By John Mulderig | Catholic News Service
NEW YORK (CNS) — The body-swapping genre is a well-established one in Hollywood.
Although numerous other titles could be cited, it’s perhaps most obviously typified by the various film adaptations of author Mary Rodgers’ 1972 children’s novel “Freaky Friday,” made both for the big screen and TV.
Theoretically, the idea of taking this premise and mashing it up with the cliches of the teen-victim slasher movie would seem to have some potential. In “Freaky” (Universal), however, the gruesome bloodletting that marks such franchises as “Friday the 13th” and “A Nightmare on Elm Street” is all-too-faithfully reproduced, squelching any potential enjoyment that might be had from this mix of horror and comedy.
In place of Rodgers’ mother-and-daughter duo, “Freaky” features a vicious serial killer known as The Butcher (Vince Vaughn) and misfit high school student Millie Kessler (Kathryn Newton). Just as Millie is about to become The Butcher’s latest prey, the mysterious alchemy of his murder weapon — an exotic knife purloined from one of his earlier crime scenes — kicks in, switching their souls.
The predator quickly realizes the potential benefits of his newfound disguise and seeks to take advantage of them. Millie, by contrast, becomes a fugitive since publicity surrounding The Butcher’s assault on her has made his appearance widely known.
Eventually enlisting the help of her two best friends, Nyla (Celeste O’Connor) and Joshua (Misha Osherovich), Millie scrambles to reverse the spell — which, she has learned, will become permanent if not undone within 24 hours.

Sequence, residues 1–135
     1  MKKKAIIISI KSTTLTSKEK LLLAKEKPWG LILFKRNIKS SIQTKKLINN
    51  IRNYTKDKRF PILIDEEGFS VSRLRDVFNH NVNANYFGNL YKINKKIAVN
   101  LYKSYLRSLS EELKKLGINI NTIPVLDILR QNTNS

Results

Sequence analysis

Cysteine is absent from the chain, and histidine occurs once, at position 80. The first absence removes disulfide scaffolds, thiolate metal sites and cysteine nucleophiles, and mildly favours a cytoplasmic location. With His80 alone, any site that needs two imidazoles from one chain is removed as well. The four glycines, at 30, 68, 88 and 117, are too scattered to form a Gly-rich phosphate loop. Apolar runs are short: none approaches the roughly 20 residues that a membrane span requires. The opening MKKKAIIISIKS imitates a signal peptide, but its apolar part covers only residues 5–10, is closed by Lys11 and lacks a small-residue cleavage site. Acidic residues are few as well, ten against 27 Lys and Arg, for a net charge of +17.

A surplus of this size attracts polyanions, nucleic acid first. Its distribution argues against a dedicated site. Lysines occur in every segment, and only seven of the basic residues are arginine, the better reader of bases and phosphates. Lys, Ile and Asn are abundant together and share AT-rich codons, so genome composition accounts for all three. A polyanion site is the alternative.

Along with the unrestrained mayhem in which it engages, director and co-writer (with Michael Kennedy) Christopher Landon’s picture is further hobbled by chatter promoting notions of sexual fluidity. These come principally through would-be witty exchanges between political correctness maven Nyla and openly gay Joshua.
Compared to the misuse to which The Butcher puts the shop class table saw, however, such misguided dialogue seems a mere distraction.
The film contains excessive gory violence, a wayward view of human sexuality, graphic casual sex, about a half-dozen uses of profanity, several milder oaths, pervasive rough and frequent crude language and an obscene gesture. The Catholic News Service classification is O — morally offensive. The Motion Picture Association rating is R — restricted. Under 17 requires accompanying parent or adult guardian.